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Year : 2020  |  Volume : 14  |  Issue : 1  |  Page : 33-37

Incidence of pressure-related skin injuries in patients operated for spine surgery in prone: A retrospective analysis of 307 patients

Department of Anesthesiology and Perioperative Medicine, King Fahad Medical City, Riyadh, Kingdom of Saudi Arabia

Correspondence Address:
Dr. Jan Ravees
Department of Anesthesiology and Perioperative Medicine, King Fahd Medical City, Riyadh
Kingdom of Saudi Arabia
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Source of Support: None, Conflict of Interest: None

DOI: 10.4103/aer.AER_11_20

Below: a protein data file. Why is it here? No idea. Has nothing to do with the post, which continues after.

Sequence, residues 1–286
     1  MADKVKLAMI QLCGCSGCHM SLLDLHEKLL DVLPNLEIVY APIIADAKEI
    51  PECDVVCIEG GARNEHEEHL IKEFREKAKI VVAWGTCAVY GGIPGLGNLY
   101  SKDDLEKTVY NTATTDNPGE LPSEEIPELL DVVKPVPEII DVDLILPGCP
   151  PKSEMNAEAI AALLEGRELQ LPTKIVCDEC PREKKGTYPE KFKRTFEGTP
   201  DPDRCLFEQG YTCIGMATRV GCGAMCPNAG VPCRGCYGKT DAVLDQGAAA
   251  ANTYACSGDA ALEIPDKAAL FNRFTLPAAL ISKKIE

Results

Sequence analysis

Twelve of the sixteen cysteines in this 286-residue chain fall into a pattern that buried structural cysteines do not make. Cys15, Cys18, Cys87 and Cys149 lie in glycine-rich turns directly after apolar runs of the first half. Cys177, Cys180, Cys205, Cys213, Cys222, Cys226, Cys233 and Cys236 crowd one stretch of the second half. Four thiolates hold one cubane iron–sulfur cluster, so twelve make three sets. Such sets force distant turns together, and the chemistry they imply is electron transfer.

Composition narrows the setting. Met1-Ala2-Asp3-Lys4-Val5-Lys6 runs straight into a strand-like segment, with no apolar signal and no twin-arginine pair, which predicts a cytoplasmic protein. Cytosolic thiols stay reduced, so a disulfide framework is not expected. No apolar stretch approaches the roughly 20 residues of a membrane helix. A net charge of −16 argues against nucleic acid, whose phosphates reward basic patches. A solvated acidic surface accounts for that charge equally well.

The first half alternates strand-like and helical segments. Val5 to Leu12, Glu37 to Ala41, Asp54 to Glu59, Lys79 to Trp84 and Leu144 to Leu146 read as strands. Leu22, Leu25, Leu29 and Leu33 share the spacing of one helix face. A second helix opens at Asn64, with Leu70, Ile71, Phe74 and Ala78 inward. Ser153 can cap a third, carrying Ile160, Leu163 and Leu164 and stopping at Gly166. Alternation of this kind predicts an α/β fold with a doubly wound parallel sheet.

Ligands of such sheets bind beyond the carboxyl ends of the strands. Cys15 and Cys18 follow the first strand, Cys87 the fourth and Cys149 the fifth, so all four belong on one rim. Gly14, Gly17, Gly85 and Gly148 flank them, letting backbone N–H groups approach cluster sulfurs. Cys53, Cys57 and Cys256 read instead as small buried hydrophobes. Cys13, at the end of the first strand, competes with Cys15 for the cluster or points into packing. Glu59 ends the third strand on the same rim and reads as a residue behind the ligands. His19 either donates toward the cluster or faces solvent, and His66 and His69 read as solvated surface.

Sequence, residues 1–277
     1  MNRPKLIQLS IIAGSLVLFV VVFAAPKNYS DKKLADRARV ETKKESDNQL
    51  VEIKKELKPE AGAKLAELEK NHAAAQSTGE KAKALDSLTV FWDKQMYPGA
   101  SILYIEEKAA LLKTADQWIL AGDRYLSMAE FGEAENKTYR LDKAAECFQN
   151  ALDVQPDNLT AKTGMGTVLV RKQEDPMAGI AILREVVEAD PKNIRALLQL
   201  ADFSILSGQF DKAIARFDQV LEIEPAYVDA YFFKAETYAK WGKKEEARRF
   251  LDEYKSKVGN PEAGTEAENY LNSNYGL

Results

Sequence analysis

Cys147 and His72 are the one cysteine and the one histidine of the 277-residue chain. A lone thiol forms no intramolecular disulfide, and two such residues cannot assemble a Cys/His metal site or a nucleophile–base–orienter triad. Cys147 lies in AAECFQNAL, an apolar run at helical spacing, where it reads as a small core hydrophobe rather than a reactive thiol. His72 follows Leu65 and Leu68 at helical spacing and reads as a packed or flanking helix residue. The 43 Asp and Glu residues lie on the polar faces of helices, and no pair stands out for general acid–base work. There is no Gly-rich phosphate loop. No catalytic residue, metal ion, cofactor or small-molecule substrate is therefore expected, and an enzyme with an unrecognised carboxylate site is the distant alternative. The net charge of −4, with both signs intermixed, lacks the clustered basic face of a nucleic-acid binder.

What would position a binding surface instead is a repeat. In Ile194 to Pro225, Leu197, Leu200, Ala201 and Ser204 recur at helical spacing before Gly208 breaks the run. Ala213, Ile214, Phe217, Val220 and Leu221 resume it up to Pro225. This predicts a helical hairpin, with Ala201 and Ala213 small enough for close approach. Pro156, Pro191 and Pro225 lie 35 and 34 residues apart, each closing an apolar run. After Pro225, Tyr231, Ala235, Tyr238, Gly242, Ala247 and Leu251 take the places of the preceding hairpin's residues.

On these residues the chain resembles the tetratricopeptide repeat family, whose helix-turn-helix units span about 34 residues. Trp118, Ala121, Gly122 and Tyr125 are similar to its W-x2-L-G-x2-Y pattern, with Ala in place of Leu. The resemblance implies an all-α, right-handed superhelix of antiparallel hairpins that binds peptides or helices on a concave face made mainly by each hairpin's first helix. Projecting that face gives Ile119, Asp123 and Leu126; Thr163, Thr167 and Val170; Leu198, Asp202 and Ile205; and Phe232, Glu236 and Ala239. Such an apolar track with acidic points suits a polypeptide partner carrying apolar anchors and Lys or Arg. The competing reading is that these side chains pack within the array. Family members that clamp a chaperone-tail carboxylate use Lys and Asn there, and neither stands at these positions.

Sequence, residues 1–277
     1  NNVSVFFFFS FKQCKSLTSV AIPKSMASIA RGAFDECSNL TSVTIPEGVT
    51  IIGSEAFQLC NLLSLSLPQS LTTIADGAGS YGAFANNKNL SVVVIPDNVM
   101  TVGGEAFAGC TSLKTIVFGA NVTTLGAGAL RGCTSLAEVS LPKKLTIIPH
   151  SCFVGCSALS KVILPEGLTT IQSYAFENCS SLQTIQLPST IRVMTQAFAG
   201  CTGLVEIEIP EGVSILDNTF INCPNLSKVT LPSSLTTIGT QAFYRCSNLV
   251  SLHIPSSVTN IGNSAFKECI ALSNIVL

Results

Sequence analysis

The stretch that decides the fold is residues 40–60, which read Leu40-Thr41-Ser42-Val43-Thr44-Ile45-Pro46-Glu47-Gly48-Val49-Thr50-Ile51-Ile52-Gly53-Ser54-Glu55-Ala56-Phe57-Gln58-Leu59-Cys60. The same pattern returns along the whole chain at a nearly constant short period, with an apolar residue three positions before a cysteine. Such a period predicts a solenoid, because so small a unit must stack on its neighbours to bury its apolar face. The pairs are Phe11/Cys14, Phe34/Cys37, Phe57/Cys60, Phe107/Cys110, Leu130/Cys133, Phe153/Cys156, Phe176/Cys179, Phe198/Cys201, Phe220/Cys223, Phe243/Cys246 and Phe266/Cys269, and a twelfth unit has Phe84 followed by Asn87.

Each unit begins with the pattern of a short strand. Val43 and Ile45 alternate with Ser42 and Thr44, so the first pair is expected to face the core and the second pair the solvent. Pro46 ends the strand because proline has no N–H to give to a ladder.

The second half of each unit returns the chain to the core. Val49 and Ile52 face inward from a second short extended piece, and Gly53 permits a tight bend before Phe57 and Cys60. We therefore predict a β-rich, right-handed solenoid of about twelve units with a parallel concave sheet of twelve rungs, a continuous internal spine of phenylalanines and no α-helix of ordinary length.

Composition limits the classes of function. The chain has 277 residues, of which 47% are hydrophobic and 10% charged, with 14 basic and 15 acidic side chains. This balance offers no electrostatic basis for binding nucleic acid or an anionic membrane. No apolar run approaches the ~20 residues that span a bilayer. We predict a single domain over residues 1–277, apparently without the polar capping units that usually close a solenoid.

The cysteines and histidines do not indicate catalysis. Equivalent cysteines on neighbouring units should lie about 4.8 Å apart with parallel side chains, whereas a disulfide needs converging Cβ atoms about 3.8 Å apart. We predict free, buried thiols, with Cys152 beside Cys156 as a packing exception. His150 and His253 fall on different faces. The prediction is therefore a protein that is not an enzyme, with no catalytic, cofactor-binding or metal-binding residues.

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Background: Spine surgery in prone position frequently results in pressure skin lesions (PSLs). No study from Arabic world has published their incidence in literature. Methods: We retrospectively analyzed patients who underwent prone position spine surgery from December 1, 2017, to November 30, 2018. They received standardized anesthesia care and were made prone on Jackson table. The face was supported on a nonface contoured foam device, whereas the chest and pelvis were supported on soft cushions. Following completion of surgery, they were turned supine and their skin was inspected for any skin lesions. The lesions were categorized into five grades depending on severity. Results: Data of 307 patients were analyzed. Their mean age and weight was 41.5 years and 71 kg, respectively. The mean duration of prone positioning was 470 min. One hundred and three PSLs were observed in 45 patients (14.7%), giving a PSL incidence of 43.7% in affected patients. Majority of patients (18, 40%) with lesions remained in prone position between 421 and 600 min. Multiple lesions were observed in 53.3% of the affected patients. The highest number of patients (21, 46.7%) had one lesion only and it was restricted to face. All lesions were of Grade I, II, or III. Body weight >71 kg was more prone to developing PSLs. Females were more prone to PSLs. Conclusion: PSLs in prone position spine surgery occur frequently, and their incidence is proportional to the duration of positioning and weight of the patients. Face is the most commonly affected area.

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